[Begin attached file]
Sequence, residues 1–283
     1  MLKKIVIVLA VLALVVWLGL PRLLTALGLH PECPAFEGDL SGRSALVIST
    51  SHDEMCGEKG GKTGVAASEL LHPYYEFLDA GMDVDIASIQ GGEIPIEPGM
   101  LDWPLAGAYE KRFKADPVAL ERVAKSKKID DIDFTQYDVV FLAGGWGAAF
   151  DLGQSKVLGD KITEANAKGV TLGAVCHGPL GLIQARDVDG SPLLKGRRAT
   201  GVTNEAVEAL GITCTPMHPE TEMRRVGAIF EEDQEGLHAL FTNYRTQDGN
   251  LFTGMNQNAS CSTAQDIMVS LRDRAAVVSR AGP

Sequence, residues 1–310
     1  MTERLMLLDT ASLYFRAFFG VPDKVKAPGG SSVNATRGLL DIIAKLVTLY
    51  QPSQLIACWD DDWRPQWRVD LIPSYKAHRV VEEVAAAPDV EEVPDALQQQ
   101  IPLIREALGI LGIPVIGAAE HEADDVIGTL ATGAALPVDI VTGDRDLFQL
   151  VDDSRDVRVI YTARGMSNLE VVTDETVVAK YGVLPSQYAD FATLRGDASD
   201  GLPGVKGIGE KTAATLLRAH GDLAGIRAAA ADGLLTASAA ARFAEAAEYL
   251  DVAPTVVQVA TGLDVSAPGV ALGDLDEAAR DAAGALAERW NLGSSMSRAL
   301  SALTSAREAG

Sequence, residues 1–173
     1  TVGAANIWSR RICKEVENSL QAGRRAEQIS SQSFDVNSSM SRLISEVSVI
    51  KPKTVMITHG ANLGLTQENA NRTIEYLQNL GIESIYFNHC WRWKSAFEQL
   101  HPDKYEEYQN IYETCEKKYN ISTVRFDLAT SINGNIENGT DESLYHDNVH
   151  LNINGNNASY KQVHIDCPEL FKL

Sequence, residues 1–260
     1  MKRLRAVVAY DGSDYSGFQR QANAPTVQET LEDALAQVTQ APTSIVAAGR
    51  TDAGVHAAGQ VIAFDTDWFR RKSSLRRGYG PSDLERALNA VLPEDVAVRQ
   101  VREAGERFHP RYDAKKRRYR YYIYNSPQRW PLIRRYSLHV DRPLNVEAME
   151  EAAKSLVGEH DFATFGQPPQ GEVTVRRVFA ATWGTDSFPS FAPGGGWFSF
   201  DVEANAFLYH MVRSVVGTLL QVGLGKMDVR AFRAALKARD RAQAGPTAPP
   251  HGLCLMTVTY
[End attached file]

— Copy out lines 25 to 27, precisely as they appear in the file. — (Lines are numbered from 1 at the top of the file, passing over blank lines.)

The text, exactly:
   151  EAAKSLVGEH DFATFGQPPQ GEVTVRRVFA ATWGTDSFPS FAPGGGWFSF
   201  DVEANAFLYH MVRSVVGTLL QVGLGKMDVR AFRAALKARD RAQAGPTAPP
   251  HGLCLMTVTY